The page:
A sense of the seasons: the essence of Japan found in YUKATA and Japanese sweets.
Japanese people are sensitive to the changing of the seasons, and have come to reflect their feelings about the seasons in all corners of life. YUKATA is an exhibit that invites us to rediscover these traditional aesthetics. Held until September 27th at Toraya Tokyo Midtown Gallery, the exhibit was born as a collaboration between two well-established stores: Toraya, a Japanese confectionery store, and Chikusen, a traditional Japanese clothing shop. Established in year 13 of the Tempo era (1842), Chikusen has been loved throughout the ages by many for its beautifully-patterned yukata which capture the elegance of the Edo—so much so that the saying goes, “for yukata, there’s Chikusen.”
The aesthetics of traditional Japanese clothing and sweets are alike in that they both attentively express the four seasons of Japan. The venue displays 18 kinds of designs that are common to yukata and Japanese sweets. Chikusen cloth and confectionary sample books from the Taisho era (1912 – 1926) are set side-by-side, and arranged by a variety of motifs which show the changing of the seasons, including cherry blossoms, hydrangea flowers, chrysanthemums, and autumn leaves, thereby highlighting anew the delicate sensibilities of Japanese people.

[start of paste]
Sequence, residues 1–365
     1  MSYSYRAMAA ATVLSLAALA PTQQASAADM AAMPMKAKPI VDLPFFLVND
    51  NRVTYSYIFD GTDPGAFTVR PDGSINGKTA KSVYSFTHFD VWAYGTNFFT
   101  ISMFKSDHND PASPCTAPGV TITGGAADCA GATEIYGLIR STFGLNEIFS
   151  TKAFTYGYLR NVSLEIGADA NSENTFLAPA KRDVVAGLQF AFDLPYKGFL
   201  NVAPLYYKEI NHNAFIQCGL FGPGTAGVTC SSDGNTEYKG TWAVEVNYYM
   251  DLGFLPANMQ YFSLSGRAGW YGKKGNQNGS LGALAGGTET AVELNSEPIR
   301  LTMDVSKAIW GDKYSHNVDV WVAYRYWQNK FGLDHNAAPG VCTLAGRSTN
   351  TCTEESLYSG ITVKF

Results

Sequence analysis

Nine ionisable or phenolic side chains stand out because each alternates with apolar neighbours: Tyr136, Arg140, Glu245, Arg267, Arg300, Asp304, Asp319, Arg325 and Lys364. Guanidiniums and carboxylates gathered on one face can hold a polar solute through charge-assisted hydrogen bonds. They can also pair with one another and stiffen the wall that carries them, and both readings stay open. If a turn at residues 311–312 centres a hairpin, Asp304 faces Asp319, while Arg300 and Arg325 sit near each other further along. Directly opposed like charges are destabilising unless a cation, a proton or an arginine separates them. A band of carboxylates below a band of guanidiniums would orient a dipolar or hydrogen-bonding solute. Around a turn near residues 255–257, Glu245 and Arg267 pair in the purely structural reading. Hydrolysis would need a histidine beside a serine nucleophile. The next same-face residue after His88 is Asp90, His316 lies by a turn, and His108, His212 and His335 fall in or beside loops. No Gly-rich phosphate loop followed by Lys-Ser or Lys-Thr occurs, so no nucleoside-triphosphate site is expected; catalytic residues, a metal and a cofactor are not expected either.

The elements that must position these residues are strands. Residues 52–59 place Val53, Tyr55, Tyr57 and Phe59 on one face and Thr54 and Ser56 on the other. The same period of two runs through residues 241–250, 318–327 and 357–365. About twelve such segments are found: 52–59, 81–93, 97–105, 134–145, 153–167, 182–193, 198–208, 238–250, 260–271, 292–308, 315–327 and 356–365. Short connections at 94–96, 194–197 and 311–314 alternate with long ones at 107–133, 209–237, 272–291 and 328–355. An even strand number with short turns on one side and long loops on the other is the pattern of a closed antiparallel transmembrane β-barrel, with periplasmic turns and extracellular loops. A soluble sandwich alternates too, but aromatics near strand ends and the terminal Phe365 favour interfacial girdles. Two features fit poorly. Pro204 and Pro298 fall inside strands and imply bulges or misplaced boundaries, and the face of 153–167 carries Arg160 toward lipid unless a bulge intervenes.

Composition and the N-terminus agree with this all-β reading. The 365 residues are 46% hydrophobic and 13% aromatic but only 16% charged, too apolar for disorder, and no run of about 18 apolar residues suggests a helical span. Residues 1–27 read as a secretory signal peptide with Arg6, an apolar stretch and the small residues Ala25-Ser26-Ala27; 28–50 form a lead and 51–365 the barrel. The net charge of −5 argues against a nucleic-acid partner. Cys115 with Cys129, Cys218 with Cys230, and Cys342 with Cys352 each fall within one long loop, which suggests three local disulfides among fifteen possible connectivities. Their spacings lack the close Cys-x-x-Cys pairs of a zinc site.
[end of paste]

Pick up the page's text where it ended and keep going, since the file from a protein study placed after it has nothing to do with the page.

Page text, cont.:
The fifth-generation head of Chikusen, Fumio Ogawa, has this to say: “People mainly wear yukata during the summer, so some might feel it’s contradictory to say that they express all four seasons. However, fall and winter motifs are incorporated in designs to help deliver a ‘taste of coolness’ in the hot season. I believe the sense to not just worry about how the wearer will feel, but also about how those who see it will feel is a reflection of the kind of sensitivity that’s unique to Japanese people.”
In hopes of teaching visitors about the production process, various tools used in “chusen,” a unique dyeing technique used by Chikusen, are also on display at the venue. Innovated during the Meiji era (1868 – 1917), the technique makes it possible to dye in large quantities of dozens of pieces of cloth a day, and the revolutionary process was instrumental to making yukata more available to average people. Further, while browsing the various colors of yukata textiles on display, visitors can also see how outfit materials change with each season, from lined, to unlined, and finally to light kimono fabrics.
“The seasons in Japan used to be more defined than they are today, and people would meticulously change how they dressed, ate, and lived to match the seasons. They say there tends to be a weaker sense of the seasons now, so we’d be delighted if people could feel the value in living life connected to the four seasons through this exhibit.”